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Maya Bay – Closed indefinitely

Maya Bay – Closed indefinitely

If you were planning to visit Thailand’s most popular beach, forget about it as its still closed to tourists.

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The Thai authorities have closed down one of the most popular and beautiful beaches in the world, the one on which the film ‘The Beach’ was filmed, with Leonardo DiCaprio in the leading role. The enormous influx of tourists, year after year, destroyed the ecosystem, destroyed the beach, and experts believe that it takes time for the plant and animal world to recover.

a boat docked on a emerald green sandy beach in Maya Bay Thailand

In March authorities temporarily closed the sandy beach of Maya Bay. They compelled to ban access to tourists from 1 June to 30 September, when Thailand is a monsoon season, so that the coral reefs have time to recover, but due to environmental devastation, that decision was changed to indefinite time. The State Office for the Protection of National Parks, Animal and Plant World has announced that four months were not enough, and Maya Bay has not yet recovered.

On average there were around 200 boats and 5,000 tourists daily, and more than 35 million tourists per year caused enormous pollution. According to expert’s assessment, more than 80% of Thai coral reefs have been damaged. Recent studies have shown that, aside from damage to coral reefs, mass tourism has almost led to the disappearance of marine life.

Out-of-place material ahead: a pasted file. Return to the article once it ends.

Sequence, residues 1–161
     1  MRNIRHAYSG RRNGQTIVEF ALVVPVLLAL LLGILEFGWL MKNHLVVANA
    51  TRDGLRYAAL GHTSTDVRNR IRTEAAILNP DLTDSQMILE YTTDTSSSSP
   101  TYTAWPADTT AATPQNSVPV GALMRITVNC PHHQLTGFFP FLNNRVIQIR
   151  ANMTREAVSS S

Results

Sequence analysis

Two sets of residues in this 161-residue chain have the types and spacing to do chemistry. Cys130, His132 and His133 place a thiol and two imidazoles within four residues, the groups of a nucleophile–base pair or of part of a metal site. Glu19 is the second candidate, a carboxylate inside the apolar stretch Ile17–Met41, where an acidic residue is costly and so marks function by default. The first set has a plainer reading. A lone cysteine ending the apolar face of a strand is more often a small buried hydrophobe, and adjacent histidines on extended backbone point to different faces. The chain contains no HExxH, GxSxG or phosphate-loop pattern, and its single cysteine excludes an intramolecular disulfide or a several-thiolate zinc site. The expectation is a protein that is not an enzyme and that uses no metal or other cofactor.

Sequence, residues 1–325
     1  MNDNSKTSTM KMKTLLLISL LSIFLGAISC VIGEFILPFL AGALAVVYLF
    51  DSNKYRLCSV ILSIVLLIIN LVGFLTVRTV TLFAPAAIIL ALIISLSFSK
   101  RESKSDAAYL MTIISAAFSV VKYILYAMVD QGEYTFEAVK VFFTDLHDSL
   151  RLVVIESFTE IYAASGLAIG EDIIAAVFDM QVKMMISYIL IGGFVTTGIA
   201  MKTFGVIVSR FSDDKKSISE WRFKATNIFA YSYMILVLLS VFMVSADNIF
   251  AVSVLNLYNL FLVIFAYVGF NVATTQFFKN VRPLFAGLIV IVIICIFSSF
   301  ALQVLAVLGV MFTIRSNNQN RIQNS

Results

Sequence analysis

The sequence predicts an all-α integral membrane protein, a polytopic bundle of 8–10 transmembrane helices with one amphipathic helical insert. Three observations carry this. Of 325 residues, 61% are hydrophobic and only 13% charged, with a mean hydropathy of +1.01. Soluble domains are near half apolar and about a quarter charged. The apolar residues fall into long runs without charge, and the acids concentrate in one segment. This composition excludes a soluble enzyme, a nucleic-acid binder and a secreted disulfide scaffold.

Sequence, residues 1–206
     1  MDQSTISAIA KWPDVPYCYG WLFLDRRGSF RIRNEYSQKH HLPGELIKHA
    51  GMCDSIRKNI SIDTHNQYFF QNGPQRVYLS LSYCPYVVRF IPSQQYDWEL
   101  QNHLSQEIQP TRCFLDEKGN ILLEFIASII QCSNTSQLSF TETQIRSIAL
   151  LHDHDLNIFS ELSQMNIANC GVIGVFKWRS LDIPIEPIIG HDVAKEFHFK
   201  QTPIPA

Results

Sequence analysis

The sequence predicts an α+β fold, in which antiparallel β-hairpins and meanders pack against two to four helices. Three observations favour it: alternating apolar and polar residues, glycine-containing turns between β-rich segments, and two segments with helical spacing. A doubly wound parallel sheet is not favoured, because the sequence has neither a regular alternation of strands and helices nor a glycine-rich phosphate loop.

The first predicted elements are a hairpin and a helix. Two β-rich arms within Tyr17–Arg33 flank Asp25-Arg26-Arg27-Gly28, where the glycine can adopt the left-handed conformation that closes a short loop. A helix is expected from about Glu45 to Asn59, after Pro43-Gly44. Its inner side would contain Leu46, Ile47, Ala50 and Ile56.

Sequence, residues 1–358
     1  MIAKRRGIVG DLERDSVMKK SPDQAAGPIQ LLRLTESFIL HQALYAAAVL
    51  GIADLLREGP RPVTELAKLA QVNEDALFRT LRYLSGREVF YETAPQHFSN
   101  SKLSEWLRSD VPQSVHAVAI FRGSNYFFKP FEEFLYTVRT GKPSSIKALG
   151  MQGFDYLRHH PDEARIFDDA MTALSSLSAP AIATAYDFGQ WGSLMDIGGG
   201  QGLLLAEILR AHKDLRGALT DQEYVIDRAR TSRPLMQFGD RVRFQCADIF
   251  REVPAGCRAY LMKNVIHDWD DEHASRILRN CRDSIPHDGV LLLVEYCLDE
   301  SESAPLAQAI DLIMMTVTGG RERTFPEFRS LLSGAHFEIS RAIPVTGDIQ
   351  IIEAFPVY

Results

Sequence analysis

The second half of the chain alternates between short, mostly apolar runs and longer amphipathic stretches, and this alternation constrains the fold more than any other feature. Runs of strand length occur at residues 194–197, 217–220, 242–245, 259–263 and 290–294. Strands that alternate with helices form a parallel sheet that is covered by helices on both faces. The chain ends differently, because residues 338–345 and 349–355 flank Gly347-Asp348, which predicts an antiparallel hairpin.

a monkey looking for food in closed park in Thailand

Unfortunately, even after the official closure, tourist activities still illegally take place in Maya Bay. Tourists have been spotted swimming, snorkeling, and paddling in the forbidden area, where damaged corals are recovering. Even some tour operators and boat drivers still allow their clients to enter the forbidden zone when officials are not around.

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But recently, new visitors are coming to the calm waters of Maya Bay – blacktip reef sharks. Their presence would have been impossible only months ago, when the area was jammed with hundreds of tourist boats, but now that they are back, it means that the bay is coming back to life. The increased population of blacktip reef sharks in Maya Bay came months after the area was closed to tourists. Marine scientists only sighted a couple of them before the closure and it was a surprise to see them come back in such large numbers within just a few months.

Based on some estimates, Maya Bay now has the highest shark population density in the Thai sea. Their growing population is a clear sign that the closure of Maya Bay is successful.

As Maya Bay continues to recover, measures are being taken to ensure it will never have to experience the same deterioration again. Authorities have announced that tourist boats will no longer be allowed to enter the front of the bay. When the bay is reopened, tourists will have to reach it from Loh Samah Bay at the back and walk through a passage prepared by the National Park. Also, there is a plan to build a new pier to welcome tourist boats, which can only drop off and pick up visitors at LohSamah Bay.

Two other islands, Koh Yoong and Koh Ta Chai were previously closed indefinitely by the National Park Department, as part of the National Strategy and Country Reform plan.

These, and many more closed beaches raise the question: How does mass tourism affects the environment? The hordes of people who flood beach destinations daily, pollute the environment with the litter they leave behind, and consume valuable resources. In Thailand, ecotourism is not widely practised. Its tourism industry still lacks environmental awareness. However, there are efforts to change the way tourists interact with nature, how they can be environmentally friendly when visiting marine attractions.

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